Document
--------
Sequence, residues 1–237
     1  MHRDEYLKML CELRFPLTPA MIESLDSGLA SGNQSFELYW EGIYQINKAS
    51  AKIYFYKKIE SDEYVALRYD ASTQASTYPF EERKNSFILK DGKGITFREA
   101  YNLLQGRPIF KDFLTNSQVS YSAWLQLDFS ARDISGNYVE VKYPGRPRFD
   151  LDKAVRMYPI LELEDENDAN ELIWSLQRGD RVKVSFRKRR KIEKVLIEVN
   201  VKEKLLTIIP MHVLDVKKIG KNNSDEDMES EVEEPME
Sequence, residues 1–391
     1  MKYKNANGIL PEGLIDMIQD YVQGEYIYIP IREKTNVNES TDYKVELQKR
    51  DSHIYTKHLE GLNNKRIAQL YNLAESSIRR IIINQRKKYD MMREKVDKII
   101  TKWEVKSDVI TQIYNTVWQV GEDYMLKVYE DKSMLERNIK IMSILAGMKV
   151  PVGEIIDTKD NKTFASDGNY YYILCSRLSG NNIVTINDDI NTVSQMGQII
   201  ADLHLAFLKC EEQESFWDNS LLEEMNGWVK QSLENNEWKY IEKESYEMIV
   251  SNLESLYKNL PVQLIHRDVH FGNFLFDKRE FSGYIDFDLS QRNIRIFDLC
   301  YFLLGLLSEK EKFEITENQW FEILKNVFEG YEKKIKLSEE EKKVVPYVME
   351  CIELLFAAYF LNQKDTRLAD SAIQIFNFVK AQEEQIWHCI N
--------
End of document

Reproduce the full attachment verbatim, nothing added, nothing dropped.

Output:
Sequence, residues 1–237
     1  MHRDEYLKML CELRFPLTPA MIESLDSGLA SGNQSFELYW EGIYQINKAS
    51  AKIYFYKKIE SDEYVALRYD ASTQASTYPF EERKNSFILK DGKGITFREA
   101  YNLLQGRPIF KDFLTNSQVS YSAWLQLDFS ARDISGNYVE VKYPGRPRFD
   151  LDKAVRMYPI LELEDENDAN ELIWSLQRGD RVKVSFRKRR KIEKVLIEVN
   201  VKEKLLTIIP MHVLDVKKIG KNNSDEDMES EVEEPME
Sequence, residues 1–391
     1  MKYKNANGIL PEGLIDMIQD YVQGEYIYIP IREKTNVNES TDYKVELQKR
    51  DSHIYTKHLE GLNNKRIAQL YNLAESSIRR IIINQRKKYD MMREKVDKII
   101  TKWEVKSDVI TQIYNTVWQV GEDYMLKVYE DKSMLERNIK IMSILAGMKV
   151  PVGEIIDTKD NKTFASDGNY YYILCSRLSG NNIVTINDDI NTVSQMGQII
   201  ADLHLAFLKC EEQESFWDNS LLEEMNGWVK QSLENNEWKY IEKESYEMIV
   251  SNLESLYKNL PVQLIHRDVH FGNFLFDKRE FSGYIDFDLS QRNIRIFDLC
   301  YFLLGLLSEK EKFEITENQW FEILKNVFEG YEKKIKLSEE EKKVVPYVME
   351  CIELLFAAYF LNQKDTRLAD SAIQIFNFVK AQEEQIWHCI N